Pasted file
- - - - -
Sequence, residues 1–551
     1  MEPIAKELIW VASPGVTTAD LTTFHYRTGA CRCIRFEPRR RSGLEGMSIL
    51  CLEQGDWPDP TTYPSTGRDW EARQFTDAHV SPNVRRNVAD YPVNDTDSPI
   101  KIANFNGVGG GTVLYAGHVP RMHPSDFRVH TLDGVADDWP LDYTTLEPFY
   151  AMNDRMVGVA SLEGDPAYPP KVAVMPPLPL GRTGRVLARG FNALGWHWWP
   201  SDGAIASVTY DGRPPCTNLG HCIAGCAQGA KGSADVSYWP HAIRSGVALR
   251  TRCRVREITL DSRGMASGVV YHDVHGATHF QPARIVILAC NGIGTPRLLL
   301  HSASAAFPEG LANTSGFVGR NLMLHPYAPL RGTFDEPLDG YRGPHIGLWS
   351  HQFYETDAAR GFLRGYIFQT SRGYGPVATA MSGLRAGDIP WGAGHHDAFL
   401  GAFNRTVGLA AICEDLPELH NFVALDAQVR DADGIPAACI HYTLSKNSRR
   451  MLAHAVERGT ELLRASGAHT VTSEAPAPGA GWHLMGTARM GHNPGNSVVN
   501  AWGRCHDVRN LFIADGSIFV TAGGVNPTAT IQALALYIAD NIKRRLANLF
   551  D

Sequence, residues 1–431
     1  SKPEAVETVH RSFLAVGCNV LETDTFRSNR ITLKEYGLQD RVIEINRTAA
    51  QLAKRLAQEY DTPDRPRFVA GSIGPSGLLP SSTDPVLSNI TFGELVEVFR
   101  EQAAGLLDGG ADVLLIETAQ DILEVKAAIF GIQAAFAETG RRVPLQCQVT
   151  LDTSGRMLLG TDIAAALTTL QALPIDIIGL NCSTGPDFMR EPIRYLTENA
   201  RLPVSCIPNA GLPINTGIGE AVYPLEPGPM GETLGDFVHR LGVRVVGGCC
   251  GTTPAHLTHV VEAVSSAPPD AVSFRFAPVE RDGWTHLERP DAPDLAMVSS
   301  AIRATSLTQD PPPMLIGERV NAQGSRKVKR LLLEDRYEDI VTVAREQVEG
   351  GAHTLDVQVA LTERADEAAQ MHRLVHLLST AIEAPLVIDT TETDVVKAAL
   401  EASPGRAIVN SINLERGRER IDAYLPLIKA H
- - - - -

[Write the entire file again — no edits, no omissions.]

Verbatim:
Sequence, residues 1–551
     1  MEPIAKELIW VASPGVTTAD LTTFHYRTGA CRCIRFEPRR RSGLEGMSIL
    51  CLEQGDWPDP TTYPSTGRDW EARQFTDAHV SPNVRRNVAD YPVNDTDSPI
   101  KIANFNGVGG GTVLYAGHVP RMHPSDFRVH TLDGVADDWP LDYTTLEPFY
   151  AMNDRMVGVA SLEGDPAYPP KVAVMPPLPL GRTGRVLARG FNALGWHWWP
   201  SDGAIASVTY DGRPPCTNLG HCIAGCAQGA KGSADVSYWP HAIRSGVALR
   251  TRCRVREITL DSRGMASGVV YHDVHGATHF QPARIVILAC NGIGTPRLLL
   301  HSASAAFPEG LANTSGFVGR NLMLHPYAPL RGTFDEPLDG YRGPHIGLWS
   351  HQFYETDAAR GFLRGYIFQT SRGYGPVATA MSGLRAGDIP WGAGHHDAFL
   401  GAFNRTVGLA AICEDLPELH NFVALDAQVR DADGIPAACI HYTLSKNSRR
   451  MLAHAVERGT ELLRASGAHT VTSEAPAPGA GWHLMGTARM GHNPGNSVVN
   501  AWGRCHDVRN LFIADGSIFV TAGGVNPTAT IQALALYIAD NIKRRLANLF
   551  D

Sequence, residues 1–431
     1  SKPEAVETVH RSFLAVGCNV LETDTFRSNR ITLKEYGLQD RVIEINRTAA
    51  QLAKRLAQEY DTPDRPRFVA GSIGPSGLLP SSTDPVLSNI TFGELVEVFR
   101  EQAAGLLDGG ADVLLIETAQ DILEVKAAIF GIQAAFAETG RRVPLQCQVT
   151  LDTSGRMLLG TDIAAALTTL QALPIDIIGL NCSTGPDFMR EPIRYLTENA
   201  RLPVSCIPNA GLPINTGIGE AVYPLEPGPM GETLGDFVHR LGVRVVGGCC
   251  GTTPAHLTHV VEAVSSAPPD AVSFRFAPVE RDGWTHLERP DAPDLAMVSS
   301  AIRATSLTQD PPPMLIGERV NAQGSRKVKR LLLEDRYEDI VTVAREQVEG
   351  GAHTLDVQVA LTERADEAAQ MHRLVHLLST AIEAPLVIDT TETDVVKAAL
   401  EASPGRAIVN SINLERGRER IDAYLPLIKA H